European AI Fund Annual report 2022
Director of the European AI Fund
As 2022 drew to a close, the public imagination was once again captured by Artificial Intelligence (AI) innovation. The launch of ChatGPT, a large language model with eerie powers of mimicry, opened the door to a panoply of new AI applications (including a holiday newsletter from one of our partners!). But worry quickly followed wonder as the technology’s potential risks, which were ignored in the initial hype, became evident – from how to stem the mass production of disinformation to how to accurately judge the authorship of students’ essays. It was a reminder, should we need it, that it’s critical to put the interests of people and society front and centre as we shape the future direction of AI.
That is the mission of the European AI Fund. In the third year of our existence, the urgency to deliver on it has only heightened and we have continued our work to build a diverse and resilient civil society ecosystem to fight on the public’s behalf, so that AI better serves people and society.
This year, we have been pleased to see the tangible impact of a resolute and collective civil society voice at play in the European Union’s (EU) adoption of two landmark pieces of regulation, the Digital Markets Act (DMA) and the Digital Services Act (DSA), which go some way to holding big tech accountable. Fierce negotiations continue on the European AI Act, with our grantee partners working tirelessly to persuade decision makers to hold the line and secure people’s fundamental rights in the face of a powerful industry lobby. We know, however, that even the best regulation is only as good as its implementation and are already building strategies to make sure that these new legislative teeth really bite.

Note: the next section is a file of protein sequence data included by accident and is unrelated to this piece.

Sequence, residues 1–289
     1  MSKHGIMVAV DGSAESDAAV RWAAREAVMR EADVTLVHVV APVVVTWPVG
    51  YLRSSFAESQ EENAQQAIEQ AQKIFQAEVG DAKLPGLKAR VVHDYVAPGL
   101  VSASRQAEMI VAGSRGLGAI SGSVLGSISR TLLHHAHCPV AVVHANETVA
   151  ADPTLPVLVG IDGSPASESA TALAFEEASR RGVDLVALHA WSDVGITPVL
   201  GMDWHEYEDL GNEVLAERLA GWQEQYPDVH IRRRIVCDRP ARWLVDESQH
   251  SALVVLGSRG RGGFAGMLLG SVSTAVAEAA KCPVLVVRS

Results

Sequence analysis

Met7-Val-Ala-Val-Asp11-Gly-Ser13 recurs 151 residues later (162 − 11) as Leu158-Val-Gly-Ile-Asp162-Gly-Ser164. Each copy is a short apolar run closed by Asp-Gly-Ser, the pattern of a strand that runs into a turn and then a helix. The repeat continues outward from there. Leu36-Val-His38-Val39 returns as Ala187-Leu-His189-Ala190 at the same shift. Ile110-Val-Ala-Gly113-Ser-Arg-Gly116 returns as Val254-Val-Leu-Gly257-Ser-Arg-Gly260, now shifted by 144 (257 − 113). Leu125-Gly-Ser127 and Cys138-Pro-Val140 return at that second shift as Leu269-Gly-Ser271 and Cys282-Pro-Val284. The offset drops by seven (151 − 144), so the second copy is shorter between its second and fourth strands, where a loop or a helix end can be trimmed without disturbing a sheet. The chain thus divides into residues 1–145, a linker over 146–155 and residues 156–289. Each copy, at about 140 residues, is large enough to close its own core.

Shaping AI in the public interest requires a diversity of skills, expertise and perspectives, which is why the European AI Fund supports organisations that are expert in technologies as well as those that represent particular communities or social justice areas that are on the frontline of the impacts of AI. This year we have extended our support to our 16 existing grantees by an additional 6 months so that they can sustain their engagement on policy and deepen their knowledge of the issues. And we’re excited to have been able to fund 14 new organisations from across Europe that enrich our network with approaches such as algorithmic auditing, strategic litigation and investigative journalism, that bring expertise on issues including migration, health and criminal justice, and that represent marginalised communities and people with disabilities.
Nonetheless, the civil society sector remains small and emergent and faces the daunting resources and influence of the tech industry. To achieve our goals, it’s essential to collaborate. Throughout the year we’ve worked to seed connections across the ecosystem. This culminated in November in a joyous meeting of grantees and funders co-hosted with our sister fund Civitates where we heard inspirational ideas for collective action from the climate movement, gained insights into EU advocacy strategies and reflected on the infrastructure that is needed to work better together.
All of this is only possible thanks to the support of our funders, who now number 13 philanthropic foundations. Not only do they provide the financial means to sustain our work, they guide our strategic thinking, champion our mission in the wider philanthropic sector and are generous with their practical wisdom. As we reached the end of the Fund’s initial phase this year, we were thrilled to receive their energetic and enthusiastic commitment to continuing – and growing – our work.
Thank you to them, and to all those who have worked in different ways this year to support our shared vision. Together we are building momentum towards a world where AI serves the needs of people and society, respects human rights and promotes fair, inclusive and sustainable democracies.
You can read the full Annual report here.